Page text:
2020 was to be a critical year for addressing climate change. It is the year in which most nations must submit new or revised national climate action plans, or NDCs. The science shows that during the 2020s, emissions will have to decrease by 45% if global warming is to be kept to 1.5 °C , according to the Intergovernmental Panel on Climate Change (IPCC).
The first round of NDCs has fallen short of reaching the agreed climate goals. But countries can learn from this first round and build on these lessons when submitting more ambitious and more effective NDCs in a second round.
Much has been written about the need to make NDCs more ambitious. A special issue of Climate Policy edited by SEI’s Senior Research Fellow Richard Klein and Associate Pieter Pauw aims to stimulate debate on how to make NDCs more effective. It identifies three ways to increase effectiveness: transparency, coherence and implementability.
“Ambition alone is not enough. In order to achieve the NDCs, they also need to be more effective”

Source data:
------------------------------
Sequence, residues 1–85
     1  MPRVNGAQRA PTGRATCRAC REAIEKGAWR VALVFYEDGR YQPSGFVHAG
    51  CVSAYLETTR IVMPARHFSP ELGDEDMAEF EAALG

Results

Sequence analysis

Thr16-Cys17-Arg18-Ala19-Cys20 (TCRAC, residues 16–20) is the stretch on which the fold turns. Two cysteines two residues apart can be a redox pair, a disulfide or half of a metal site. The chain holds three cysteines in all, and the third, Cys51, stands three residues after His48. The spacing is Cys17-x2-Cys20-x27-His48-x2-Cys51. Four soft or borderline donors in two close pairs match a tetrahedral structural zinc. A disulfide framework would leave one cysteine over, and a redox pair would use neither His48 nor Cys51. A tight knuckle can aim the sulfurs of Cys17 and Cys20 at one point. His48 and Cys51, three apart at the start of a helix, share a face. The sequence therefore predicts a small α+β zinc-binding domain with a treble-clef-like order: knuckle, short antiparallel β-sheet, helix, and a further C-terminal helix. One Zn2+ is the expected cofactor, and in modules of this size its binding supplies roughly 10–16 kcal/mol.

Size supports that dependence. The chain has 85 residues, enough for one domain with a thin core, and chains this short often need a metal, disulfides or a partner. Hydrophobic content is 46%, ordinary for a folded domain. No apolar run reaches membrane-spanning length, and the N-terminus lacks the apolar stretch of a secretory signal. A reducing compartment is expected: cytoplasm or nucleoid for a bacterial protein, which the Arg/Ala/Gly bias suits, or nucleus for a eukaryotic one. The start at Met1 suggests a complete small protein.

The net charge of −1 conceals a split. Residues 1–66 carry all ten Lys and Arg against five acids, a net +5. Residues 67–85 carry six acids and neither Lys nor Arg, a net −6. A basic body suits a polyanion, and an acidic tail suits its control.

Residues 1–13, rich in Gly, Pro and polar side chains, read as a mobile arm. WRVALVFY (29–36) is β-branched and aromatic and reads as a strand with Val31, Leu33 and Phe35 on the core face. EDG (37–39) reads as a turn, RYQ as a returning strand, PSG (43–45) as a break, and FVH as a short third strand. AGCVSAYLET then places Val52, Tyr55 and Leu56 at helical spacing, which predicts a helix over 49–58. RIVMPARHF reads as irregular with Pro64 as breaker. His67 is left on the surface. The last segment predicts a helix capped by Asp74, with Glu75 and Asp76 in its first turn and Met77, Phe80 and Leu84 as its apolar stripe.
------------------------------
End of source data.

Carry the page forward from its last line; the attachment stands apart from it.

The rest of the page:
— Richard J.T. Klein
As things stand, NDCs are difficult to compare. They are also not necessarily clear on which types of emissions or which sectors are included. Making NDCs transparent is one element that would increase effectiveness.
Countries have many different national priorities aside from climate policy. Climate policy is, however, intrinsically linked to development policy. Coherence between NDCs and national development plans is therefore another important element of making NDCs more effective.
An NDC is only a piece of paper so long as it is not implemented. “Implementability” is, therefore, a third important element that works towards more effective NDCs.
From climate change mitigation to adaptation to finance, SEI researchers are active across a range of topics that work towards ambitious implementation of the NDCs under the Paris Agreement and the 2030 Agenda. In particular, SEI focuses on ensuring integrated climate, energy, and sustainable development planning in its NDC work.